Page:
12V, 24V, 36V or 48V?

Choosing the right voltage for your energy storage is important so here is what we have learned, what we use and why.

So you want to buy some batteries and setup a battery storage system to provide power for various electrical items you have. Before you commit its important to understand at what voltage you are going to create your system as. To get things out of the way early we use only 12V at Mannerfarm so if you want to stop reading now before falling asleep you can. If you want to know why you might choose a different voltage for your battery system keep reading.

There are essentially three very common low voltage systems you will see being 12V, 24V and 48V. You can of course go 36V but this seems to be less common. So why would you look at anything but 12V or why would you not look at going for a higher voltage? It all comes down to application of your system and how much power you need to draw at any point in time. Going back to high school physics:

Power (Watts) = Voltage x Amps

Watts is kind of a good universal metric to work in when working out what you need. Before buying your batteries you need a good understanding about what it is you want to supply load to. Things like lights, refrigeration, TV, Computers are all pretty commonplace items. You need to work out this power budget:

All Lights Combined 150 Watts
Refrigerator  150 Watts
Entertainment System 100 watts
Computers and Electronic Devices 100 Watts
Fans/Air Circulation/Extraction 50 Watts
Diesel Heater 40 Watts
Water Pump 100 Watts
Parasitic Loads 50 Watts
Total Load 740 watts

You will notice this does not include anything with a heating element like oven or hot water system as well as high energy items like microwaves and coffee machines. If you must have items like these then you to evaluate what's really important because they will add an exponential energy requirement to your system. Typically though you can go without a microwave if you have to and use gas for hot water, there are lots of other options.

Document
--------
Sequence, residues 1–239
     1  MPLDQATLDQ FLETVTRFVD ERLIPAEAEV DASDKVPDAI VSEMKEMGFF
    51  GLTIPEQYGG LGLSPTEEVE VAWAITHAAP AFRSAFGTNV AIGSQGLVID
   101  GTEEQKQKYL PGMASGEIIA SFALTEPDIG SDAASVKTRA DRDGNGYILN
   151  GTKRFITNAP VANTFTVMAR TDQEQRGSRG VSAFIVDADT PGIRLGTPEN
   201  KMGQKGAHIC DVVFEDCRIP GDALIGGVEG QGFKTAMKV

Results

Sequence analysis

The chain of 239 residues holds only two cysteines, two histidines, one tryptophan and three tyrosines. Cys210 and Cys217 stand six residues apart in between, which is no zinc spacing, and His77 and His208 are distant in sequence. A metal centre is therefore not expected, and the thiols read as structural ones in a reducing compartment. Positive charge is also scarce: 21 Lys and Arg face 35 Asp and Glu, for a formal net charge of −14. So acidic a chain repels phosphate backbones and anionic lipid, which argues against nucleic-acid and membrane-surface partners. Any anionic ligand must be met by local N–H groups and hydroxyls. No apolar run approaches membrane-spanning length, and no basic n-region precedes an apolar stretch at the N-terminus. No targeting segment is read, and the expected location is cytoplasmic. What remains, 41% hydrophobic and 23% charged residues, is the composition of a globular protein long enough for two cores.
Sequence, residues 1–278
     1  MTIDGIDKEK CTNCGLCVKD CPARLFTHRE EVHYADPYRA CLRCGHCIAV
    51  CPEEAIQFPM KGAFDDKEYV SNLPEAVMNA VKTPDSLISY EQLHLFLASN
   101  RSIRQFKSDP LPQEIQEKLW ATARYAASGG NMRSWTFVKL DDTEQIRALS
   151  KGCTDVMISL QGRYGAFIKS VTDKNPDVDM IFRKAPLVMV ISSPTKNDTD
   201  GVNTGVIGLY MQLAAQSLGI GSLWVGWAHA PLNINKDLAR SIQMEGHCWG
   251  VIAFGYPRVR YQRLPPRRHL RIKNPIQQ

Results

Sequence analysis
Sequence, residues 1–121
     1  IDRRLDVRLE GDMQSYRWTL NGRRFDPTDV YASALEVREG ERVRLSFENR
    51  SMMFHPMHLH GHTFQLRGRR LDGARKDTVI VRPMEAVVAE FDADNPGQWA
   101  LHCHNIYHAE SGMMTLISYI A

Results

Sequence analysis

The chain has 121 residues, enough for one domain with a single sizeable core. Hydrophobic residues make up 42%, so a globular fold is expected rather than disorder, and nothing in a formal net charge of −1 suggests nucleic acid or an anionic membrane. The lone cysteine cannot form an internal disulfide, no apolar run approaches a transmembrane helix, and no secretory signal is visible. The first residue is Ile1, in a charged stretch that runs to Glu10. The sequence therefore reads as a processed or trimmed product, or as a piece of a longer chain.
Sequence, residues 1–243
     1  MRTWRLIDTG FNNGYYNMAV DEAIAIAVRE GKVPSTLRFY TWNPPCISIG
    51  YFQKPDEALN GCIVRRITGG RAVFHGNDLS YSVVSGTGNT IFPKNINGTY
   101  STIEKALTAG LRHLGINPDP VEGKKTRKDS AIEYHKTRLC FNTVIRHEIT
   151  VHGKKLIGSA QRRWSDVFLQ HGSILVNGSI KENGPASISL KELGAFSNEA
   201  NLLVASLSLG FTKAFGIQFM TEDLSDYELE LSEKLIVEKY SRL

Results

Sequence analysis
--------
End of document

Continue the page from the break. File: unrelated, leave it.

Anyway now we have a rough total load of 740 Watts its important to then convert this to amperage draw which is Watts divide by Voltage. Because voltages vary lets just stick to whole numbers and round down for simplicity.

12V = 60 Amp

24 = 30 Amp

48 = 15 Amp

Ok, so now you know your potential maximum amperage draw what does this mean in terms of voltage selection when designing your system. There are two factors to consider.

1. The higher your amperage draw the thicker wires you need.

2. The lower your voltage the more voltage sag you get over distance.

In all cases to calculate your wiring requirements there are excellent DC wiring calculators on the internet. when budgeting for a battery system wire is a real cost that a lot of people underestimate and you cannot get this bit wrong. At best you get poor system performance, at worst it will catch fire.  If you use incorrect wire size for your system and you draw high amperage loads that wire will get hot. It can get so hot it will catch fire and that's bad.

You can safely design any system to handle big amperage loads no matter the voltage. It just requires more thought and careful design if using 12V to supply big loads in excess of say 150Amps. So what are the Mannerfarm reasons for using 12V only:

1. Our loads in all our systems are moderate and would rarely exceed 100 Amps (production from solar and wind) and certainly no more than 50 amps (draw).

2. 12V is the most popular low voltage so parts to build systems are incredibly plentiful and cheap to buy. For higher voltages like 24V and 48V components are harder to get and generally more expensive.

3. All of our wire runs are short and so sizing the wiring for our system did not add a lot to the build cost.

4. 12V is a safe voltage to work with. If you go 48V then you are into biting back territory and you must be very careful.

We would only consider a higher voltage system for anything over 150 Amps load or supply. It doesn't mean you can't its just a balancing act between safety and practicality.